In order to compare the detoxification capacities of two species of spiders, Linyphia triangularis and Pardosa prativaga were exposed to a commonly used pesticide, cypermethrin (a chlorinated pyrethroid). Two detoxification enzyme systems — glutathione Stransferase (GST) and glutathione peroxidase (GSH-Px) — were assayed as biomarkers. The two species of spiders have different life-styles and eat different food, and in our experiment were at different stages of their life-cycle. Therefore, differences in detoxification strategies could be expected. From our results, we suggest two different strategies. L. triangularis had a generally high basal level of GST, which could be further induced by exposure to cypermethrin. The basal activity of GSH-Px was relatively low, and no response to toxic exposure could be traced. Thus, this enzyme plays only a minor role in the detoxification process of cypermethrin in L. triangularis. In P. prativaga, a low basal GST activity was found. However, the basal level of GSH-Px was comparable to that of L. triangularis. A significant rise in GSH-Px activity (with t-butyl-hydroxyperoxide as substrate) was apparent 12 hours after exposure. This may indicate that P450 enzyme systems are involved in the cypermethrin metabolising process in P. prativaga. In addition, GSH-Px activity (with H2O2 as substrate) could be traced in P. prativaga but not in L. triangularis, indicating that a true peroxidase system is active in P. prativaga.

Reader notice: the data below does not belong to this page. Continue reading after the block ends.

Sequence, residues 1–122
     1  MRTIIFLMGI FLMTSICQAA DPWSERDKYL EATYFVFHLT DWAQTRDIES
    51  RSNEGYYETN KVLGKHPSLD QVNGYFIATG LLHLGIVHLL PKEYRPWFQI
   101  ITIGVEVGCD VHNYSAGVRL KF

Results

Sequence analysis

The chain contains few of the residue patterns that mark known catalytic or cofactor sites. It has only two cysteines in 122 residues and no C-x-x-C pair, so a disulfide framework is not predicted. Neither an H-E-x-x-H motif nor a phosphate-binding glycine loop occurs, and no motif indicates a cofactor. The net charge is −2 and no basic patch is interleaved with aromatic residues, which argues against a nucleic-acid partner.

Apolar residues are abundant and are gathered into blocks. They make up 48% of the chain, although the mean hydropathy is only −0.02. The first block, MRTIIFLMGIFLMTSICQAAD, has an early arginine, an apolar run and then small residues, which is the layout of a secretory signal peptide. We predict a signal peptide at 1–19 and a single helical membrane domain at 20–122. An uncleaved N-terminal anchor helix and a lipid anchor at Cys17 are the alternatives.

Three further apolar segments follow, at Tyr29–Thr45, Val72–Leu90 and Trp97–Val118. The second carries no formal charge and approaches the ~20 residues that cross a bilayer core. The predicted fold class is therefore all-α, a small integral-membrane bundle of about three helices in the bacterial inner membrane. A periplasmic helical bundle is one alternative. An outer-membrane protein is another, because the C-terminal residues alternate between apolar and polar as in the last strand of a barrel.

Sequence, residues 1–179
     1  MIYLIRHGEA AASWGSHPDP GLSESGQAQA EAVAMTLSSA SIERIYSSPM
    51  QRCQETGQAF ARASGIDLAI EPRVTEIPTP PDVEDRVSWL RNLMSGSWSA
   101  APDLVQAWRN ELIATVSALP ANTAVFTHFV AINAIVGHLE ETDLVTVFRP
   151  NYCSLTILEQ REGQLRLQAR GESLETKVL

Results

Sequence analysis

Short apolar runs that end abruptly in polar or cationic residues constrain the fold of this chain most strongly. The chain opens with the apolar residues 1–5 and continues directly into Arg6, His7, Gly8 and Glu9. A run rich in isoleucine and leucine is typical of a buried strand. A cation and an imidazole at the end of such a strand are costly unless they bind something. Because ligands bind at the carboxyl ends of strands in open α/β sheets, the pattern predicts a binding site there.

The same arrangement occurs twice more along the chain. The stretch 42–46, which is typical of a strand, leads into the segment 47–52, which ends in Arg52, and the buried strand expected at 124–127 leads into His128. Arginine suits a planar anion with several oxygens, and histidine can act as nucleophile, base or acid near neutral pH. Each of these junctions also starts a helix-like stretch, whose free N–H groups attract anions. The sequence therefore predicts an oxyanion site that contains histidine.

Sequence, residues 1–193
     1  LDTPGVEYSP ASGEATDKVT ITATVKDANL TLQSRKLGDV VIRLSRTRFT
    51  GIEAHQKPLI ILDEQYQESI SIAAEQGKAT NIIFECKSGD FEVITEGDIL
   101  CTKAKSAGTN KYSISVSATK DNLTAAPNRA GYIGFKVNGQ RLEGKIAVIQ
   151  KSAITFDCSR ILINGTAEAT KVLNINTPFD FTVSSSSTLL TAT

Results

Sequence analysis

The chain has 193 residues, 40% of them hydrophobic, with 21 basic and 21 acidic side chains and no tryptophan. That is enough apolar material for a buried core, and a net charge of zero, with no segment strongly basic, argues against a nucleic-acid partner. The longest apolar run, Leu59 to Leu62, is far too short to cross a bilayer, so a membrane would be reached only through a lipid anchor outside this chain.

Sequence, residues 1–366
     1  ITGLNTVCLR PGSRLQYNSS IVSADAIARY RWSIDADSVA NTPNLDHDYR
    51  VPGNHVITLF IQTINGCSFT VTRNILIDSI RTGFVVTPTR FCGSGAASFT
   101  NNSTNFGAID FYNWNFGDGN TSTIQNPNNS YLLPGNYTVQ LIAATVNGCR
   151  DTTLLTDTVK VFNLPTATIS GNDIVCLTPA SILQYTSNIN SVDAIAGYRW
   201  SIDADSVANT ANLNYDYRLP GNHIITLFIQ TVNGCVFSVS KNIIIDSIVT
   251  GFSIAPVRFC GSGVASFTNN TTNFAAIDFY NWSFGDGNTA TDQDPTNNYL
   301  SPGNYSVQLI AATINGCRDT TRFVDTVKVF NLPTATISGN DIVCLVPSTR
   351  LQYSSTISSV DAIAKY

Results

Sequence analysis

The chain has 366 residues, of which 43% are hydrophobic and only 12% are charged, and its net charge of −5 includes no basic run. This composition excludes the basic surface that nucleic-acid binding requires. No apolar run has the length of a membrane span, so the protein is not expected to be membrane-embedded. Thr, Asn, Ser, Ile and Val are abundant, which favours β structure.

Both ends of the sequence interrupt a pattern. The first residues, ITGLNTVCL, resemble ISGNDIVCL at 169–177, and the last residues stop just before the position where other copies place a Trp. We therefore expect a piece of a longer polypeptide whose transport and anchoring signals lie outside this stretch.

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An Ultrastructural Evaluation of the SKIN2TM ZK1200 System as an In Vitro Model of the Human Oral Mucosa

Dorthe Arenholt-Bindslev, Lis Andersen Torpet and Kaj Josephsen

At present, there are no validated experimental models for the preclinical oral mucosa irritancy screening of dental materials and oral hygiene products. Standardised in vitro models for the assessment of skin irritancy have been marketed, and have made possible the application of such models in preclinical skin irritancy testing. Some of these are currently undergoing international interlaboratory validation. The aim of the present study was to evaluate the histology of the commercially available SKIN2TM ZK1200 system as a potential in vitro model of the human oral mucosa. Histological evaluation by light microscopy and transmission electron microscopy over 6 days revealed a fibroblast-rich matrix covered by an 8–12 cell layer of stratifying epithelium, which shared a number of basic characteristics with non-keratinised human oral mucosa (for example, desmosomes, dispersed tonofilaments, glycogen deposits, membrane-coating granules, and keratohyalin granules, both the spherical and ribosome-associated types). Exposure to a methacrylate-based dental fissure sealant for 24 hours caused structural changes in the epithelium which were not reflected by a cytochemical cytotoxicity assay (MTT).
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Cadmium-induced Inhibition of ADH stimulated Ion Transport in Cultured Kidney derived Epithelial Cells (A6)

Henning F. Bjerregaard and Brian Faurskov